As a result telehealth and health care providers have gotten used to providing those services, investing in technology to help them manage that surge in demand for their telehealth services and really starting to think more about the quality of those services as well so that patients and providers can have good experiences. And that’s something that people have gotten used to as well. And I don’t think we’re going to see go anywhere in the future. On the distance learning side, education has changed drastically as well with the amount of classes that some organizations are now managing remotely and essentially. We’re seeing a mix of different types of learning, synchronous learning, where that learning is happening in live, classes led by the instructor has become very common. And in higher education especially, it’s not something that we think is going to disappear anytime soon.

What about other industries?

Well, when we talk about enterprises as a whole, this bimodal way of working is going to be here to stay in the long term. So even as the vaccine comes into place and as a number of people do return to the office, companies are really going to need to think about how they continue to support virtual work in the future and how do they make that sustainable over the long term.
And to do that, it really is going to involve not only making sure they have enough licenses to handle the surge in virtual meeting platform users and licenses that they need the capacity itself of the technology. But also they’re going to want to invest in things like quality and performance management to really understand that people are having good experiences when people are working remotely. One of the challenges is that you get this scenario where it’s very often bring your own device.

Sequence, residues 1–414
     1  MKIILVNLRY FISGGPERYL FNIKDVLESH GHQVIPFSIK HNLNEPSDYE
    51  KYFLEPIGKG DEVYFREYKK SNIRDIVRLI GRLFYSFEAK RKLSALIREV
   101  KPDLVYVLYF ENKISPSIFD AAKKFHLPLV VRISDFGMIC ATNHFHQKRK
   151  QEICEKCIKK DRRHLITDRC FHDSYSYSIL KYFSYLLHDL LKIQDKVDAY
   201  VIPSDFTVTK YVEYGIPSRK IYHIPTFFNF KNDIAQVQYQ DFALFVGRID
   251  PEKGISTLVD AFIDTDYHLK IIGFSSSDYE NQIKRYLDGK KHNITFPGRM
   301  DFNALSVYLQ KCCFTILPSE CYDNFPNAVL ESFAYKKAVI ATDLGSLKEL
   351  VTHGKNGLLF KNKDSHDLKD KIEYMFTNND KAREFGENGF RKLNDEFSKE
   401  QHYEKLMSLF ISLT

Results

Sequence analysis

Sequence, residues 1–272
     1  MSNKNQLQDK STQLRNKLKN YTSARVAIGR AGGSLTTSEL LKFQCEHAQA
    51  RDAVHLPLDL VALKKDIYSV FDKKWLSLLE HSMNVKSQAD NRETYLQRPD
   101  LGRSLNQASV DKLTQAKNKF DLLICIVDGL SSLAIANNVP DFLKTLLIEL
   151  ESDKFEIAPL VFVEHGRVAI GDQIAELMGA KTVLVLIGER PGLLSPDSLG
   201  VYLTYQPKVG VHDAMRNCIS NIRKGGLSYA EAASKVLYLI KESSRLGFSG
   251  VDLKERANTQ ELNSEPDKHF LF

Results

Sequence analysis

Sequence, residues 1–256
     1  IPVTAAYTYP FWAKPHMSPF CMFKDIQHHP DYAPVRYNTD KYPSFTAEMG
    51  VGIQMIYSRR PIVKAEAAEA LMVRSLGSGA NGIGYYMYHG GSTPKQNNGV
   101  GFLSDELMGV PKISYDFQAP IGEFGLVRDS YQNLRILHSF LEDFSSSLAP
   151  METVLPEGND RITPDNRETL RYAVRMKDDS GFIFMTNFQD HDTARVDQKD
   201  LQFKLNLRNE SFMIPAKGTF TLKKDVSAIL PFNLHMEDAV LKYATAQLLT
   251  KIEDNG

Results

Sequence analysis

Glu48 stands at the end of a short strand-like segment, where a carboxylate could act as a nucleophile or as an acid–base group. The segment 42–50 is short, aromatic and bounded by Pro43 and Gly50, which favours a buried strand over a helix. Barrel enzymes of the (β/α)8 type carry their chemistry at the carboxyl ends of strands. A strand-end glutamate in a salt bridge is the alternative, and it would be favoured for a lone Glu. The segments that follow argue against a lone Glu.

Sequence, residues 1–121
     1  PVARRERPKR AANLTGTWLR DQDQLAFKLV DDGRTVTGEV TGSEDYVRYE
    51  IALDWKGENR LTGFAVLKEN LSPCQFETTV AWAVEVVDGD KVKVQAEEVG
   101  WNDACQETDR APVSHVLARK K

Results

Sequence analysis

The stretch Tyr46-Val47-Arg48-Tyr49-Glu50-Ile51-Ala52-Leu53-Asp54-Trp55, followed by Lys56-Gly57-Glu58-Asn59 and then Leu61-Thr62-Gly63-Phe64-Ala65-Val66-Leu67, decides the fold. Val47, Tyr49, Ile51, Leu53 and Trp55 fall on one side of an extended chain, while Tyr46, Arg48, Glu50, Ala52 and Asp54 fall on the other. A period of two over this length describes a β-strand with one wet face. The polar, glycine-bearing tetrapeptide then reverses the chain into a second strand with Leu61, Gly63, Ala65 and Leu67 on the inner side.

And so that becomes harder to manage, harder to standardize in terms of all the things that could go wrong or contribute to kind of a less than ideal experience. So that virtual piece is still important. But then as we see people kind of return to the office, understanding how those spaces are used, how much capacity versus occupancy is in those spaces, are the spaces the right size?
Are people engaging with the right technologies? Understanding, all of that is going to be very important to sustain a good back-to-work plan, a good return-to-office plan at enterprises that span anything from finance to technology to consumer goods. We’re talking corporate offices for a lot of these different types of companies. And the reality is that even as we start to see people trickle back into office, even in the beginning, some of those attendees may not all be joining meetings in the same rooms or in the same conference rooms.
There will be people who will always be joining virtually whether it’s from home or even other parts of the offices. So sustaining this kind of bimodal way of working and having, you know, I.T. teams, technology teams and beyond, thinking about how to manage these two ways of working is going to be really critical moving forward.

How do you see Vyopta fitting in? How are you going to be helping your clients and customers walk through 2021?

That’s a great question, Doug. So when we’ve looked at the virtual work side, one of the things that we’ve seen is that UCaaS usage, UC usage in general surged a lot, over 500 percent at the beginning of the pandemic. And out of many of the companies out there relied on UCaaS technologies and cloud-cased technologies, to build remote work. And what’s happened is many of the companies, around 64 percent, are already using more than on technology from different vendors in their environment.
So being able to manage performance and provide analytics around multi vendor systems is something that’s not necessarily easy to do if you don’t have a dedicated tool for doing that. And that’s where Vyopta can help. On the workspace side in terms of understanding space as well. That’s another way in which Vyopta is engaging with our customers and enterprises and different organizations everywhere in terms of helping them to gather and understand the data around how their spaces are used.